First, it eliminates the requirement of identifying the failed instruments. As discussed above, pitot/static errors and failures alone can present in a number of ways. Secondly, covering the instruments is a great mitigation strategy once failed instruments are positively identified. Trying to mentally phase out erroneous information in your scan is extremely challenging, and it is beneficial to remove them from the equation all together. By covering the instruments for you, the instructor essentially completed the first two steps for mitigating instrument failures. 

Once airborne, there are many resources available to pilots faced with instrument failure. Many transponders indicate the altitude they are reporting. This can be used to quickly cross-reference suspected altimeter inaccuracies. The GPS often provides groundspeed, which can help minimize the impact of an inaccurate ASI. Information like this is available now more than ever, with EFBs and technology like the Stratus III ADS-B In receiver that includes a backup attitude/heading reference system (AHRS) and does not even require a cockpit modification. These tools should never be used for primary instrumentation but are a fantastic backup. 

Lastly, it is worth reviewing your aircraft’s procedures regarding the pitot/static system. Many aircraft contain an alternate static source. Due to the airflow surrounding the aircraft, the pressure in the cabin is typically lower than external pressure. Because of this, the altimeter and airspeed will indicate high, and when the alternate static source is opened, the VSI will indicate a temporary climb. Know what the manufacturer recommends for use of pitot/static heat, and ensure that you are always compliant with those procedures.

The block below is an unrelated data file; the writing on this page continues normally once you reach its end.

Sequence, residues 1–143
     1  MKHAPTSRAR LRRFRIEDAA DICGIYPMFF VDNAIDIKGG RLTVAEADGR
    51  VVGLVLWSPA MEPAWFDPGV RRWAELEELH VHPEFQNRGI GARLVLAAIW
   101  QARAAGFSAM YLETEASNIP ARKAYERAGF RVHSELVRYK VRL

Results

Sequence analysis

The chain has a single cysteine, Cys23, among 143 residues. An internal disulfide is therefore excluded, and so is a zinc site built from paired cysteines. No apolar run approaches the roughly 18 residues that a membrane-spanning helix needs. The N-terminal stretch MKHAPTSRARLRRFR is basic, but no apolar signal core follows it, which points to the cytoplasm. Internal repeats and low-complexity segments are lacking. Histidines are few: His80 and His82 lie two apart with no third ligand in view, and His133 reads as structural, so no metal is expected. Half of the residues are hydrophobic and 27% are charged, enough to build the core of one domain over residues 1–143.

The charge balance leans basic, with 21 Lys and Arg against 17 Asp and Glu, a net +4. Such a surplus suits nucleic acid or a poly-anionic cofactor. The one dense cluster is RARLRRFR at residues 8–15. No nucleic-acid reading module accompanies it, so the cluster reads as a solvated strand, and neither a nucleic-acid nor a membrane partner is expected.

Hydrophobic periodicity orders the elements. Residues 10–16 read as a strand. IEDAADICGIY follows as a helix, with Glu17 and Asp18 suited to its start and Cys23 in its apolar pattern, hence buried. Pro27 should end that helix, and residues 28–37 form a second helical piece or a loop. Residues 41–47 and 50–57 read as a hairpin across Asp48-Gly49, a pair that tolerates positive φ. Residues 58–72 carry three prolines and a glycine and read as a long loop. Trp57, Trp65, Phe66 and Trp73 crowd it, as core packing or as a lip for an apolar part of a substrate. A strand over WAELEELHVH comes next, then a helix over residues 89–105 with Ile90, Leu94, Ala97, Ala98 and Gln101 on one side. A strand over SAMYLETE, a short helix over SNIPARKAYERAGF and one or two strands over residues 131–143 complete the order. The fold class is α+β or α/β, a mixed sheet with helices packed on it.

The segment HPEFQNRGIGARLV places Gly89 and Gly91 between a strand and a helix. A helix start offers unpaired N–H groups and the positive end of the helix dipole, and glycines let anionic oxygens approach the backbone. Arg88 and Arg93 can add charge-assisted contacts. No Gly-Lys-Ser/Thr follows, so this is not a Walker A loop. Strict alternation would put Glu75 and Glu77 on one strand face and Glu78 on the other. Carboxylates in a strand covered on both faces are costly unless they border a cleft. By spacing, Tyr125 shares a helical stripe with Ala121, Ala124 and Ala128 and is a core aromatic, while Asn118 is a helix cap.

I have always marveled at the beautiful simplicity of the pitot/static instruments. Such straightforward concepts, and incredibly reliable. So reliable that we can take their accuracy for granted. Unreliable airspeed and altitude can be extremely difficult to combat and have even been root causes for major aircraft accidents. Being able to detect and diagnose errant indications is critical. I recommend practicing simulated instrument flight with different pitot/static failures and finding out what resources are available in your aircraft. Prepping for these scenarios potentially can be lifesaving. 

Cold Weather-Restricted Airports

We have already discussed how cold weather can cause air density-related altimetry errors. This is particularly hazardous because the aircraft will be lower than the indicated altitude, potentially reducing safety margins. If you have flown in a cold-temperature environment, you may have seen the snowflake above in Figure 1 reproduced much smaller in the notes section of an approach plate. If you reference the legend for terminal procedures, you will see the chart in Figure 2.